Alongside referring to his family trauma, I think this line can be understood in the wider context of hip hop – both the listeners and producers of this genre. Kendrick Lamar is using this body of work to reveal his moral transgressions and vulnerabilities, to express how hard it is to acknowledge why we do what we do and address it, as well as encouraging anyone listening to join him; “I got daddy issues, that’s on me…. let’s give the women a break, grown men with daddy issues” raps Kendrick on Father Time. I don’t need to tell anyone about the problematic relationship between hip hop and women. Women have been consistently sexualised and undermined in many of the commercially successful hip hop videos and songs from the 90’s to now. Kendrick freely admits that he has been a part of this issue – “Objectified so many bi****s, I killed their confidence”.
Hearing the most respected and popular contemporary hip hop artist addressing this topic in such a manner is inspiring. Taking responsibility is certainly not a cultural norm at the moment and it appears that Kendrick feels sense of responsibility to call out his previous indiscretions while also asking his male listeners to self-reflect too. Knowing that merely acknowledging these mistakes is not enough, in this instance he is calling on men collectively to “give the women a break”. He asks us to work internally on the root causes of our personal problems which we often take out on women (physically, verbally, emotionally, sexually). It’s not enough to just acknowledge it or apologise for poor behaviour retrospectively. We must endeavour to do the necessary self-enquiry to help women feel safer, more confident, and less objectified.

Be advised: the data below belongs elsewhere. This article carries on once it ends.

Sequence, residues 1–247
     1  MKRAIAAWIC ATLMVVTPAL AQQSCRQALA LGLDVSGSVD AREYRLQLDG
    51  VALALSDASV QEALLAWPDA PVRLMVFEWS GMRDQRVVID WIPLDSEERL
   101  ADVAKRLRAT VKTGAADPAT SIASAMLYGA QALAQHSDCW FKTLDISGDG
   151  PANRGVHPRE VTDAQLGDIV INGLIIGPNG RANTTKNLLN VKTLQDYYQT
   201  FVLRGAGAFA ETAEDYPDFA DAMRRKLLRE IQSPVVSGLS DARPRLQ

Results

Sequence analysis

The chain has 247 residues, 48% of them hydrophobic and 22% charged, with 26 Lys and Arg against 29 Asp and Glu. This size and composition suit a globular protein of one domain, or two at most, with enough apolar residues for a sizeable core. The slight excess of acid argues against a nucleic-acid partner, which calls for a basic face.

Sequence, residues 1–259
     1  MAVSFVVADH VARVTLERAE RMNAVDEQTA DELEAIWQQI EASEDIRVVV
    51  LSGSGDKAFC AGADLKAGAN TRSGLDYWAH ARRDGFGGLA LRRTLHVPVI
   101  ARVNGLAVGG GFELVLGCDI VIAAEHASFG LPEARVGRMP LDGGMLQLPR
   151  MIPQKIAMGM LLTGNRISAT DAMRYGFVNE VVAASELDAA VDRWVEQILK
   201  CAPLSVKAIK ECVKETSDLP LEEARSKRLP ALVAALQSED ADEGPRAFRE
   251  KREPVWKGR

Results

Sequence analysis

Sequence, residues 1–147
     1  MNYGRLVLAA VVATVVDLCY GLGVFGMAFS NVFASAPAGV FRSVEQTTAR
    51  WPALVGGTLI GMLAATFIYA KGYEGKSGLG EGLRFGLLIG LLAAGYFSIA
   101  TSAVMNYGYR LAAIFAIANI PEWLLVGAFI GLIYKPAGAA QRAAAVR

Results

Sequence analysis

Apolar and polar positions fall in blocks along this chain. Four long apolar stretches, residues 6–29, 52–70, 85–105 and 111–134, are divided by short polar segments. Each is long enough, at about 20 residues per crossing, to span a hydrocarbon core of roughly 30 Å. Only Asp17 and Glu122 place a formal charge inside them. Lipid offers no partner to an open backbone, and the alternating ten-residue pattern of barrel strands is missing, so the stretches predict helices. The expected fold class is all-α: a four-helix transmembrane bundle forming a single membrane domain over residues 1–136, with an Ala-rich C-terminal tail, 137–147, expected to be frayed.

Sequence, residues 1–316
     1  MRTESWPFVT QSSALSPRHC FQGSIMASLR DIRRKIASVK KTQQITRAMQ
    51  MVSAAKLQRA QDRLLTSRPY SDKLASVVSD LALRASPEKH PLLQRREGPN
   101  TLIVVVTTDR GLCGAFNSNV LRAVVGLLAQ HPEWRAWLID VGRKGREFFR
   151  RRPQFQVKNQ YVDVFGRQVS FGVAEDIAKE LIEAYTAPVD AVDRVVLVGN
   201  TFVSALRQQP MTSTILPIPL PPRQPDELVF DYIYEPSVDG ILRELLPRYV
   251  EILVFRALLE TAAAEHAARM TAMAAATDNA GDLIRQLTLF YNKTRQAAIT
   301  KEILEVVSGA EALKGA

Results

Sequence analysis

One of the most profound lines in Father Time and the entire record is:
I got daddy issues, that’s on me
Lookin’ for a ‘love you’
Rarely emphasising for my relief